Friday, March 23, 2018

Odawara Castle

After visiting the Hotoku Ninomiya Shrine, I walked up the hill to the Odawara Castle.  

One of the early displays showed that Odawara is the 7th tallest castle in Japan.

(This English information below is from the castle. They are not my words.) The first lord of Odawara Castle is said to be Omori family.  Then, Odawara Castle became under the control of Hojo Soun from around the late 15th century to early 16th century, and continured to be maintained as the home of Odawara Hojo family, starting from the era of the second generation, Ujitsuna.  Since then, Odawara Hojo family proceded expansion of forces and territory domination based here at Odawara Castle.  Even in early modern period, Odawara Castle was regarded important as a base in defending Edo, and the castle town flourished a a post town of Tokaido.  Because of its importance, Fudai (hereditary) daimyo leading the Edo Shogunate politics have served successively as the domain lords.

In early modern period, the range of the castle's total structure built in the era of Odawara Hojo family was called "Odawara Funai", and the san-no-maru (3rd bailey) located on a lowland area and all the areas inner than san-no-maru were collectively regarded as the castle area.  As for the castle area in the era of Odawara Hojo family, only the hilly area on the west side of hon-maru was retained, which was the reason for the figure in the late warring states period could have remained there. Odawara Castle was positioned as the most important castle to protect the area west of Edo Castle.  Fudai (hereditary) daimyo who were in key posts in Edo shogunate, such as Okubo and Inaba families served as the castle lords.  In light of the fact that, in hon-maru (main citadel), there was the hon-maru palace dedicated to Shogun family, the castle was deeply related with Tokugawa family as well.

Appearance of Odawara Castle in its heyday.  Scale 1/700

As the Odawara castle town was compartmentalized according to class or occupational lines, there were the districts for warriors, townspeople, and temples as well as shrines repsectively.  The commoner (including merchant and craftsman) district consists of the 9 blocks of Tori-cho facing the Tokaido road and the 10 blocks of Waki-cho consisting of the 4 blocks paralleling along Tokaido road (on their south side) and the 6 blocks facing Koshu road, there lived also merchants and craftsmen to support the castle's economy.  The Odawara-shuku (post station) was in charge of supplying horses and carriers for transporting people and goods.  However, waiting next to this post station were the two grueling paths, the Hakone Pass on its west and the Sakawa River on its east. With nearly a hundred of hatago (inns), the four honjin (designated inns as lodgings for kaimyo and shogunate government officials) and the four sub-honjin standing side by side, the Odawara post station was so crowded.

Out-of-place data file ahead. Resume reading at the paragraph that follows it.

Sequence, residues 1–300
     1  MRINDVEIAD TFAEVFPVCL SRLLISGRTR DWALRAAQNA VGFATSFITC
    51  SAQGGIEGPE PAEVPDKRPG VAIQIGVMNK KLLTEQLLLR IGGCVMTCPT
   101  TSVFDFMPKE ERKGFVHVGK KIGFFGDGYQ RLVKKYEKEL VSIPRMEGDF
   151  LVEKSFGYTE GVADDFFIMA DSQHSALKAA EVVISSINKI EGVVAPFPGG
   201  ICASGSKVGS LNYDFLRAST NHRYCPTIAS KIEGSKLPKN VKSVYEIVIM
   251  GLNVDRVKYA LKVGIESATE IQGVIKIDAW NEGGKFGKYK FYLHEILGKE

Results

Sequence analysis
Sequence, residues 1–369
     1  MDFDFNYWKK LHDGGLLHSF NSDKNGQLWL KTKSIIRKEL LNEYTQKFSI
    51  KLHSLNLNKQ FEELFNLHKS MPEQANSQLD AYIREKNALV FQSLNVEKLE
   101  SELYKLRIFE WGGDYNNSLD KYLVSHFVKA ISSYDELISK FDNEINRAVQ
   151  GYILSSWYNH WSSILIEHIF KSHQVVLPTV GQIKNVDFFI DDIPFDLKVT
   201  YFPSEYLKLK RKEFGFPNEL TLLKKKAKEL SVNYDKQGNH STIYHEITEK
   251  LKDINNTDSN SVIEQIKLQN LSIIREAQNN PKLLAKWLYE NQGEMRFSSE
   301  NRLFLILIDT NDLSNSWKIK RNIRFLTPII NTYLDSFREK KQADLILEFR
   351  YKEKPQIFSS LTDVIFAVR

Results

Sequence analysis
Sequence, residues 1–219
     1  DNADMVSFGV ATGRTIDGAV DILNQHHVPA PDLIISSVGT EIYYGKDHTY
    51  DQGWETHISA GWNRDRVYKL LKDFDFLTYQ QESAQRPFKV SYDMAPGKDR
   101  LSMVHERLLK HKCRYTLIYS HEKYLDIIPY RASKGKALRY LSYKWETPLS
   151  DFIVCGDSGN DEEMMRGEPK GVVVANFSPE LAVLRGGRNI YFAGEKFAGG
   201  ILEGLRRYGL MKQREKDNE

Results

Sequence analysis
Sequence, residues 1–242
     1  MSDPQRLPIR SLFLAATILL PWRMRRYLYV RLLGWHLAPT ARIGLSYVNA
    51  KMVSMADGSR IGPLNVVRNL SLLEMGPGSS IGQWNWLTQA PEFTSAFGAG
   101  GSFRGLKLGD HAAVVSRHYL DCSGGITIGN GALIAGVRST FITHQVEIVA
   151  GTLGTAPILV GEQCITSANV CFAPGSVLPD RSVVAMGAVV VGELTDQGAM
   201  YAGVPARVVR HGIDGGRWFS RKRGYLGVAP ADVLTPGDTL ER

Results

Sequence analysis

After the warring states period, various arts and crafts gathered to and were produced in Odawara, which prospered as both castle town and post town. Unfortunately, most of documentations on the lords of Odawara Castle dissipated, even the remaining documents in the castle town or post town, were lost due to repeated disasters including earthquakes.

Odawara Castle and its castle town area have been excavated and researched at over 500 points since 1971.  Even the "broken pieces of bowls" appeared from the soil talk a lot of things, including the livelihoods of people who did not appear on the center stage of history and the Odawara Caslte's state of being full of life.  We introduce you a part of Odawara history, which had been lying under the ground until we caught a glimpse of it today through the excavation and research.

Views from the top floor


(If you are interested in Japanese Castles, check out my Castle Page to see the castles I've visited.)

There were two small museums on the castle grounds, but I'll save them for another day.  Stay tuned.


Anonymous said...

Wow Pamela ,very interesting i didnt realize that Japan had castles,you got some awesome pics,thankyou for sharing xx

Jen L said...

The castles are interesting - thanks for sharing!

roughterrain crane said...

At the end of this month, cherry blossoms in Odawara will be in full bloom. Are you going to the castle for hanami drinking?

Janie said...

Looks like the weather was great for your adventure.
The blossoming tree is beautiful.
I like the architecture and views, thanks for sharing.

Queeniepatch said...

A great source of information. Beautiful photos.

kiwikid said...

The view from the top of the castle is doubt that is why it is on the top of the hill!! Beautiful last photo with the reflections on the water.

Leonore Winterer said...

There are so many of these castles - I think you must have visited all of them by now, but there always seem to be more! Nad they never get boring to look at, at least the pictures don't.